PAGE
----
Duke Energy has been ordered to take immediate steps to halt the spread of groundwater contamination originating from coal-ash storage basins at its L.V. Sutton Power Plant in Wilmington, N.C.
The North Carolina Dept. of Environment and Natural Resources (DENR) issued a notice of regulatory requirement to the Charlotte, N.C.-based utility after high levels of boron were found during routine tests at monitoring wells located at or beyond the facility's compliance boundary, as well as at three water-supply wells within a half mile of the facility.
DENR says boron levels in the water-supply wells were below state groundwater standards of 700 micrograms per liter but much higher than concentrations found in area background wells. Duke Energy faces a July 9 deadline for controlling the contamination and submitting a plan for monitoring its effectiveness.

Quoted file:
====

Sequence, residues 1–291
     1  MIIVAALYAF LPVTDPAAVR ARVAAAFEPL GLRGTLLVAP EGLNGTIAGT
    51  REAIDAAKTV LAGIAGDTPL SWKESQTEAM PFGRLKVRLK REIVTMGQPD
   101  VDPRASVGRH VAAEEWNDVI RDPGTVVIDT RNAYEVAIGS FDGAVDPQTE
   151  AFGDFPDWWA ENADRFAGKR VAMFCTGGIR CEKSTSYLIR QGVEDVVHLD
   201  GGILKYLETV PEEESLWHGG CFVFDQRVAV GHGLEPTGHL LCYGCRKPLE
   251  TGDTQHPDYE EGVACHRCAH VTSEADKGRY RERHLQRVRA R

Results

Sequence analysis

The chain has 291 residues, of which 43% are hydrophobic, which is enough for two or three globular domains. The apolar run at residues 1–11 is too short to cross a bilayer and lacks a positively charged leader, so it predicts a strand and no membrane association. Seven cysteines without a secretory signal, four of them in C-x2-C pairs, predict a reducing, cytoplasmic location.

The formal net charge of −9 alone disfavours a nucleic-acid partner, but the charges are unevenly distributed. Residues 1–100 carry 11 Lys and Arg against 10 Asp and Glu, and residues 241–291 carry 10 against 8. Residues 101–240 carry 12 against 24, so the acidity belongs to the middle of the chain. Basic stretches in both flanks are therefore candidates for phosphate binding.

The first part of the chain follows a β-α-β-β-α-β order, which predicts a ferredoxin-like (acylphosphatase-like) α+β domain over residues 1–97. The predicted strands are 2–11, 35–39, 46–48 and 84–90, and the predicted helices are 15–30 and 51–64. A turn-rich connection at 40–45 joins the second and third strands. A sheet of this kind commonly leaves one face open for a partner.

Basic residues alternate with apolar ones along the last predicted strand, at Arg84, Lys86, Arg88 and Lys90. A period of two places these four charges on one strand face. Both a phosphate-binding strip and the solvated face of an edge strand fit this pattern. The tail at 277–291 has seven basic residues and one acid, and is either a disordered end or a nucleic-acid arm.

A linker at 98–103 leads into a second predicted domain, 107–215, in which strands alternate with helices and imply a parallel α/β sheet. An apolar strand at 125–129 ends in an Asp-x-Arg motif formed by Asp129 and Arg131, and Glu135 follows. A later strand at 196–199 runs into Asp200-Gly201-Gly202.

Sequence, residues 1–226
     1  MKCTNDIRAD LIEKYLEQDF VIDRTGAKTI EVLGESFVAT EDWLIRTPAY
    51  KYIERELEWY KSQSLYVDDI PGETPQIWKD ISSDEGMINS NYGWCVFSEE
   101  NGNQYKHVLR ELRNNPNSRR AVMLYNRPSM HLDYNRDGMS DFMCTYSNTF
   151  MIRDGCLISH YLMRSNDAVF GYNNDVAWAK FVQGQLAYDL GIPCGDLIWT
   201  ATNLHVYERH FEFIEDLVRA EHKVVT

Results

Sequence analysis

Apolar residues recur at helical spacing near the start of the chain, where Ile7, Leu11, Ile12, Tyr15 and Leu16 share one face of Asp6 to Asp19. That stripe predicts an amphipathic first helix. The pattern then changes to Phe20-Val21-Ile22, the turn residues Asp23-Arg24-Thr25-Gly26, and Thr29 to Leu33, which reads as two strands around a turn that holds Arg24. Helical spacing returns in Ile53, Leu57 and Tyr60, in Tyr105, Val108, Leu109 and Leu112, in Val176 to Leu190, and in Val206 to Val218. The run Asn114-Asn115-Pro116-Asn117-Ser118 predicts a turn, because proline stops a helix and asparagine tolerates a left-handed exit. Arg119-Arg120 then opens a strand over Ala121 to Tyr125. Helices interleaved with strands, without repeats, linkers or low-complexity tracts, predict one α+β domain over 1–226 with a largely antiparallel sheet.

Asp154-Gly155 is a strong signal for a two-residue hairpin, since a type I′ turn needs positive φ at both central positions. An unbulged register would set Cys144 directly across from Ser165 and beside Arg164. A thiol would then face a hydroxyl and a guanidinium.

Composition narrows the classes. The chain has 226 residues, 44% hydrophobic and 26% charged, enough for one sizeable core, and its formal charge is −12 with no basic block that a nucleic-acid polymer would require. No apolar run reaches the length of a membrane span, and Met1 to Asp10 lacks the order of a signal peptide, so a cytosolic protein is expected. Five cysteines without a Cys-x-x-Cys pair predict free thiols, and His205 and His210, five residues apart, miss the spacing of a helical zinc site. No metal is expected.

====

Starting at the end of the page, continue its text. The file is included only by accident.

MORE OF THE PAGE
DENR spokeswoman Sarah Young says the specifics of the strategy are up to the utility. "There is no time line for subsequent review and implementation because it depends on how extensive the plan is," Young says.
In March, DENR fined Duke Energy $25.1 million for violations of state groundwater standards at the plant, which was opened in 1954 as a 575-MW coal-fired facility and converted to natural gas in 2013. The utility has appealed the fine, taking issue with the methodology for calculating the amount. Duke has submitted plans to close the Sutton plant's storage basins, estimated to hold seven million tons of ash.
Beginning this fall, plans call for approximately two tons to be excavated from the basins for transport by truck and rail to a reclaimed Chatham County, N.C., brick mine, which also is receiving coal ash from other local Duke Energy powerplants. The remainder of the ash will be stored dry in a fully lined landfill, to be built on the Sutton plant property.
The landfill's design is under review by state regulators, with construction expected to begin early in 2016.